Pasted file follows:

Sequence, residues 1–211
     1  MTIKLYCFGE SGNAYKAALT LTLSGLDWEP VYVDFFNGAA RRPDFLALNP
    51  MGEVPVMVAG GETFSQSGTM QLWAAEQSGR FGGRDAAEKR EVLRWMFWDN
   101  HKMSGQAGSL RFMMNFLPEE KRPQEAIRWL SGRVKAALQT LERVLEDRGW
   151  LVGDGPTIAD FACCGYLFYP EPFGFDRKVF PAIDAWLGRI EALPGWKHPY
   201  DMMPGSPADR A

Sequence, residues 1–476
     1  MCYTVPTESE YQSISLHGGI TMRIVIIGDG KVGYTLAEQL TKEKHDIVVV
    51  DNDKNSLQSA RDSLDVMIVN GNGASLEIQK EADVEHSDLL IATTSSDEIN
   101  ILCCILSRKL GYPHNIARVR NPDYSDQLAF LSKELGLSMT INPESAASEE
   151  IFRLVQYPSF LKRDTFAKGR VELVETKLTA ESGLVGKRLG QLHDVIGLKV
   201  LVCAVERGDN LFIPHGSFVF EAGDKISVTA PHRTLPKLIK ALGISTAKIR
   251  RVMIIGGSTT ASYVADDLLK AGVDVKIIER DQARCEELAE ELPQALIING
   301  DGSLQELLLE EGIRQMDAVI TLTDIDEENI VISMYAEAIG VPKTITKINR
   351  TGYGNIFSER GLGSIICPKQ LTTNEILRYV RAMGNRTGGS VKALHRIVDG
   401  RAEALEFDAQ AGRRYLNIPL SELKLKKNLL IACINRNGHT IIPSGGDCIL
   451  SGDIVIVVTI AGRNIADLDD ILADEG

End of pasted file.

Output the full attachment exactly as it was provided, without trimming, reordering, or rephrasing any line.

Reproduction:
Sequence, residues 1–211
     1  MTIKLYCFGE SGNAYKAALT LTLSGLDWEP VYVDFFNGAA RRPDFLALNP
    51  MGEVPVMVAG GETFSQSGTM QLWAAEQSGR FGGRDAAEKR EVLRWMFWDN
   101  HKMSGQAGSL RFMMNFLPEE KRPQEAIRWL SGRVKAALQT LERVLEDRGW
   151  LVGDGPTIAD FACCGYLFYP EPFGFDRKVF PAIDAWLGRI EALPGWKHPY
   201  DMMPGSPADR A

Sequence, residues 1–476
     1  MCYTVPTESE YQSISLHGGI TMRIVIIGDG KVGYTLAEQL TKEKHDIVVV
    51  DNDKNSLQSA RDSLDVMIVN GNGASLEIQK EADVEHSDLL IATTSSDEIN
   101  ILCCILSRKL GYPHNIARVR NPDYSDQLAF LSKELGLSMT INPESAASEE
   151  IFRLVQYPSF LKRDTFAKGR VELVETKLTA ESGLVGKRLG QLHDVIGLKV
   201  LVCAVERGDN LFIPHGSFVF EAGDKISVTA PHRTLPKLIK ALGISTAKIR
   251  RVMIIGGSTT ASYVADDLLK AGVDVKIIER DQARCEELAE ELPQALIING
   301  DGSLQELLLE EGIRQMDAVI TLTDIDEENI VISMYAEAIG VPKTITKINR
   351  TGYGNIFSER GLGSIICPKQ LTTNEILRYV RAMGNRTGGS VKALHRIVDG
   401  RAEALEFDAQ AGRRYLNIPL SELKLKKNLL IACINRNGHT IIPSGGDCIL
   451  SGDIVIVVTI AGRNIADLDD ILADEG